> opens the doors to require in a meth (or here if that seems more
> appropriate) that any type of MIX must be defined in results to include:
> 
> 1.  Packet sizes within the stream
> 2.  Distribution ratios of the packet sizes
> 3.  Interleaving characteristics
> ???4.  Targeted operational use?
> ???5.  Correlation to targeted use
> 
> 
> 
> 
> =-=-=-=-=-=-=-=-=-=-=-=-=-=-=-=-=-=-=-=-=-=-=-=-=-=-=-=-
> Brian Talbert
> UUNET Access Engineering
> MCI
>  
> Office:  703-886-5812              Fax:   703-886-0535
> Email:   brian.talbert@mci.com     AIM:   wbriantalbert
> =-=-=-=-=-=-=-=-=-=-=-=-=-=-=-=-=-=-=-=-=-=-=-=-=-=-=-=-
> 
> 
> 
>>>-----Original Message-----
>>>From: bmwg-admin@ietf.org [mailto:bmwg-admin@ietf.org] On 
>>>Behalf Of Michele Bustos
>>>Sent: Thursday, October 23, 2003 9:58 PM
>>>To: 'bmwg@ietf.org'
>>>Cc: Ipsec-Term@External. Cisco. Com (E-mail)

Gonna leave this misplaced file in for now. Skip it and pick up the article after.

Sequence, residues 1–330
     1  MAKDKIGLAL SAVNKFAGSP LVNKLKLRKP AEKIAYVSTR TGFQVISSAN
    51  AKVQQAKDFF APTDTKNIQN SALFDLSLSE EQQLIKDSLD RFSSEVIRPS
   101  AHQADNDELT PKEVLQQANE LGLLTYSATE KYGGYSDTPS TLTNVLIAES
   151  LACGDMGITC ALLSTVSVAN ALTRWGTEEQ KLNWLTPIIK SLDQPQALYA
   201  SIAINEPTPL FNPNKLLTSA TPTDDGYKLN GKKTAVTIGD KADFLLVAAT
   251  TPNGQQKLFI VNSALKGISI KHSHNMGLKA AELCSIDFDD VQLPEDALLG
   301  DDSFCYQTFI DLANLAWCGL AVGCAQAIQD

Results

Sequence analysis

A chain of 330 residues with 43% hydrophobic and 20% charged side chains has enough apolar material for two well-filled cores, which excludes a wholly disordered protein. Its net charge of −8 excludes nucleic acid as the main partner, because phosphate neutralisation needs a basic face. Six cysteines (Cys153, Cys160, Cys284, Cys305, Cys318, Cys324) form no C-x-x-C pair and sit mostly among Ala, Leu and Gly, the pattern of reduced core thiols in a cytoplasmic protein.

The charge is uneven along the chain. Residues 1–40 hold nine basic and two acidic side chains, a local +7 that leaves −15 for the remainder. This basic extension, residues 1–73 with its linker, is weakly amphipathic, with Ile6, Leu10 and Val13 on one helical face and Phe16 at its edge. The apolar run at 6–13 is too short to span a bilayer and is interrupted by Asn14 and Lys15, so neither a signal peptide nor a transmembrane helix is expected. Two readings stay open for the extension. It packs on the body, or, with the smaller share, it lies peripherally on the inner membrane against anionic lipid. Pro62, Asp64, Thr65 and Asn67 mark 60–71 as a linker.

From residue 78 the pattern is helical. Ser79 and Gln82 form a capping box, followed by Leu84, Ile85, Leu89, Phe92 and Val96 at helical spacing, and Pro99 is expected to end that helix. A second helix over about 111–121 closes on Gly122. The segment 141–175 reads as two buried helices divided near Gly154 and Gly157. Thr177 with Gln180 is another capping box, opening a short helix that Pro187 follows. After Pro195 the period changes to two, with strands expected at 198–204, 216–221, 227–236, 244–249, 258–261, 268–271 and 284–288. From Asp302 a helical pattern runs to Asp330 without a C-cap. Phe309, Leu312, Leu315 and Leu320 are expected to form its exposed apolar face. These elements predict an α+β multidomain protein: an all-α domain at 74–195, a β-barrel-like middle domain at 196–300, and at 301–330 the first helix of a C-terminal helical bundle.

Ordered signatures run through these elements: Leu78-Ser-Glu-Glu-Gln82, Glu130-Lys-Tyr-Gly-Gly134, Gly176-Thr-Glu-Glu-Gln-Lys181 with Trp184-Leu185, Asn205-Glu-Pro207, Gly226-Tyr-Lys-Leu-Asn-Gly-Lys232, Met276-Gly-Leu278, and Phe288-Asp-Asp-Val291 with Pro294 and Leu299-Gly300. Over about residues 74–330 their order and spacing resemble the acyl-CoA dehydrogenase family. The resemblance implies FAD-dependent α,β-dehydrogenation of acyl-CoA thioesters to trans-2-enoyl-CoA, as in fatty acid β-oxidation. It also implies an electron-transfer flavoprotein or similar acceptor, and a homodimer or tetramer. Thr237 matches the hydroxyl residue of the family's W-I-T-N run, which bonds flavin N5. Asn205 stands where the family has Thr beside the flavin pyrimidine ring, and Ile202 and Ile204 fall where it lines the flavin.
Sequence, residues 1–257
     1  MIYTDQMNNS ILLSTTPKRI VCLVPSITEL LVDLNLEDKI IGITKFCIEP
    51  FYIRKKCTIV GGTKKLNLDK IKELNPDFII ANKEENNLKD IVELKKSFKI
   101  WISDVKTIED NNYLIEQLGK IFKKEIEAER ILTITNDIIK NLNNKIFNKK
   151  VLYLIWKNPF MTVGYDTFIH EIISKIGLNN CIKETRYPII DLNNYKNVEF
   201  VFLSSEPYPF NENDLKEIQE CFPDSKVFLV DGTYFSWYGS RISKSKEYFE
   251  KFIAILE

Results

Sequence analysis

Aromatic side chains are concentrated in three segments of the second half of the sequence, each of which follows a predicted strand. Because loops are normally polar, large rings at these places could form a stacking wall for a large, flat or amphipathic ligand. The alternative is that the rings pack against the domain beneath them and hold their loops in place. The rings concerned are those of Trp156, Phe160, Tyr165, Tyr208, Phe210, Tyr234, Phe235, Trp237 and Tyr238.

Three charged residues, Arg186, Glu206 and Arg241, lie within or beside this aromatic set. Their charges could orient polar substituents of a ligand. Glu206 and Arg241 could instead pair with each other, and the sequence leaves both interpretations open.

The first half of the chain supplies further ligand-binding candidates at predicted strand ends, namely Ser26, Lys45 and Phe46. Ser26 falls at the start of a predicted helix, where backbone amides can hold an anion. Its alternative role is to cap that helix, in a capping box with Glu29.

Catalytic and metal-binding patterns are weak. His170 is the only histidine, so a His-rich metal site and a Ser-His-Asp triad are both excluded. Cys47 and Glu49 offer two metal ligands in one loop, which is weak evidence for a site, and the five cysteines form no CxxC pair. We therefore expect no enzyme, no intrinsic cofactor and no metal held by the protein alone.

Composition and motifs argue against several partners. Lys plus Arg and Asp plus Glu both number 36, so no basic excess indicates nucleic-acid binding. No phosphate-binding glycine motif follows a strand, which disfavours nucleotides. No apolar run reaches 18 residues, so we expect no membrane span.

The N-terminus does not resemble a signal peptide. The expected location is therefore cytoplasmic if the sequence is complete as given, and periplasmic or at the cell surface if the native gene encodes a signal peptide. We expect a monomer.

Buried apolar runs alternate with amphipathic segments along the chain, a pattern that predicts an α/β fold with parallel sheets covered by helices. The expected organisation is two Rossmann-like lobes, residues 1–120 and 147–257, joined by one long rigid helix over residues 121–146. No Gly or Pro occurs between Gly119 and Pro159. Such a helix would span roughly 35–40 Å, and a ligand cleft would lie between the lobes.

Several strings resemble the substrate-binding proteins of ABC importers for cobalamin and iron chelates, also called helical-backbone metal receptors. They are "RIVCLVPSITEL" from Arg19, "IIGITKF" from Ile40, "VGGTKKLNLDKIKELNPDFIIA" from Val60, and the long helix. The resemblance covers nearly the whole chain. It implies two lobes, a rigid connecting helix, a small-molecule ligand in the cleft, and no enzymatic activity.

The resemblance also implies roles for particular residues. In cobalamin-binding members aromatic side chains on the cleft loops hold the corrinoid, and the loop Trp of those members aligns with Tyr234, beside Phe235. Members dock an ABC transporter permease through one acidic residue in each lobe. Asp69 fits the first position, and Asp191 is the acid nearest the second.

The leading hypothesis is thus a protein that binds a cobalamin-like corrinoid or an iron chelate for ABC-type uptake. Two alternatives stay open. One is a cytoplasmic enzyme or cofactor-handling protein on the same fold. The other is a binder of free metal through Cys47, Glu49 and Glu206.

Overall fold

>>>Subject: [bmwg] Meeting Minutes Review: IPsec Terminology
>>>
>>>
>>>To address the issues raised at the last meeting regarding 
>>>the IPsec Term draft.
>>>
>>>
>>>>The current draft defined IMIX (Internet Mix for traffic synthesis), 
>>>>but did not include the reference that Michele Bustos 
>>>
>>>provided on the 
>>>
>>>>list. There was a comment suggesting that this is a good 
>>>
>>>definition to 
>>>
>>>>include, with the caveat that no one mix of packet sizes represents 
>>>>Internet usage.
>>>
>>>We eliminated the NLARR reference from the draft for several 
>>>reasons. The reference never actually refers to IMIX, and 
>>>they never suggest any frame 
>>>sizes or traffic patterns.
>>>
>>>If anyone can provide a reference for IMIX specifically, we 
>>>would be happy to investigate it.
>>>
>>>Michele Bustos
>>>Ixia
>>>mbustos@ixiacom.com
>>>
>>>
>>>_______________________________________________
>>>bmwg mailing list
>>>bmwg@ietf.org
>>>https://www1.ietf.org/mailman/listinfo/bmwg
>>>